I’m the senior associate dean of students and director of diversity, equity and student success. I think equity, diversity, inclusion and access automatically are centers of the conversations we have around our Jesuit identity.
We are beholden to our commitments to caring for the whole person and developing people for others, and I believe these should be at the center of the ways in which we approach our pedagogy, work with students and function as an institution. When we centralize needs for the vulnerable, we automatically foster the most positive experiences for all our students, faculty and staff and virtually anyone who comes through Healy Gates.
Before joining Georgetown in July 2018, I was at Loyola University Maryland for 10 years. I served as an associate professor of psychology at Loyola University Maryland and in my last four years there was the director of the African and African American Studies Program. And since I received my master’s and Ph.D. from Marquette University, I’m well-versed in the benefits of a Jesuit education.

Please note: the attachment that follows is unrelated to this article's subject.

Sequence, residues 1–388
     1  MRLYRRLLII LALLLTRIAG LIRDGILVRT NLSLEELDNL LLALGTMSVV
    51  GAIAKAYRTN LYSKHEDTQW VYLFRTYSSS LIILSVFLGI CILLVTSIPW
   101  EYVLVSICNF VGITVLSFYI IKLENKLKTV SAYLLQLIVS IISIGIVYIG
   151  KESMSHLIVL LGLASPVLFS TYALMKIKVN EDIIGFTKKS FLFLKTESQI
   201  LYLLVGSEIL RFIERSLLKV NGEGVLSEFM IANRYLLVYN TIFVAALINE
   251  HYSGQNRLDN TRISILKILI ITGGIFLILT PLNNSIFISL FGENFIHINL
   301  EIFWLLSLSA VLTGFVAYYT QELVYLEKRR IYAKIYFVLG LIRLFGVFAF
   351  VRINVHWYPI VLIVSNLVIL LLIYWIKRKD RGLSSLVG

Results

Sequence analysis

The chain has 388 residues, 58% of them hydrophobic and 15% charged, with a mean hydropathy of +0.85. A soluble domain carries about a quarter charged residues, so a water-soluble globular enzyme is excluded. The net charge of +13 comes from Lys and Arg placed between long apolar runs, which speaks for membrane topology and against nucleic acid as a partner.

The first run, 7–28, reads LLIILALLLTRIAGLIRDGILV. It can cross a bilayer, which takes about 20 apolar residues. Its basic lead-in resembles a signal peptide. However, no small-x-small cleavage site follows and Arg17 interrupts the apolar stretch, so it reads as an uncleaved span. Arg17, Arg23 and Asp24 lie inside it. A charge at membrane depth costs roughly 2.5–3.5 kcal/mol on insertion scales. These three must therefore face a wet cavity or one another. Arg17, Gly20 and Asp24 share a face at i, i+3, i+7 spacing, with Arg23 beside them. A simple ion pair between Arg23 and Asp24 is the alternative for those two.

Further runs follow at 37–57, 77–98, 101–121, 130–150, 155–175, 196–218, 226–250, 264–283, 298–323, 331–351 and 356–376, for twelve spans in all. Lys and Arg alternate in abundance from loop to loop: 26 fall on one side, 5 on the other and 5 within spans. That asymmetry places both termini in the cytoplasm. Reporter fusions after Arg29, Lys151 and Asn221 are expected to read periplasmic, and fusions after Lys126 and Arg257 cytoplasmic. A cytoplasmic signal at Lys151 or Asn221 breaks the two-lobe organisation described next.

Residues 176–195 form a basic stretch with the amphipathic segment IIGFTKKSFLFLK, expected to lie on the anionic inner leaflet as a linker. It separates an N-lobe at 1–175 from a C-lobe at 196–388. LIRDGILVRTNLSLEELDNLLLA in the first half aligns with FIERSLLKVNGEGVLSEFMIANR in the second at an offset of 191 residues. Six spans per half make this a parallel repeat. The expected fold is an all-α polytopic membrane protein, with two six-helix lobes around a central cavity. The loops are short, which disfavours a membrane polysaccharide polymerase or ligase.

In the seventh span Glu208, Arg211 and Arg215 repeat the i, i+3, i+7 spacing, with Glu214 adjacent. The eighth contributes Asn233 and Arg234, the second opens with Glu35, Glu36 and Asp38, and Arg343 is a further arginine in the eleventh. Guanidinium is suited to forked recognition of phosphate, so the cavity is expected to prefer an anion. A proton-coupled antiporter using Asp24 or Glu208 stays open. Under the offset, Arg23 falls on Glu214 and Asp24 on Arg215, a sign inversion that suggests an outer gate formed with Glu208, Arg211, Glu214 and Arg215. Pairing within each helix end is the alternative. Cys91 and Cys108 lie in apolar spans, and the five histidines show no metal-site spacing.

At Loyola, I taught courses on diversity at the undergraduate and graduate levels and as a tenured professor was often pulled into conversations about equity and inclusion. This led to my work with a colleague on racial justice training across the institution – including students, faculty, staff and administrators.
It was an enormous undertaking and extremely time-consuming, but I realized that I truly enjoyed this work and that much of my understanding of my research on recruitment and retention of underserved populations in academia had prepared me to do some of this work. I’m looking forward to the work to come in this sphere within the Georgetown community.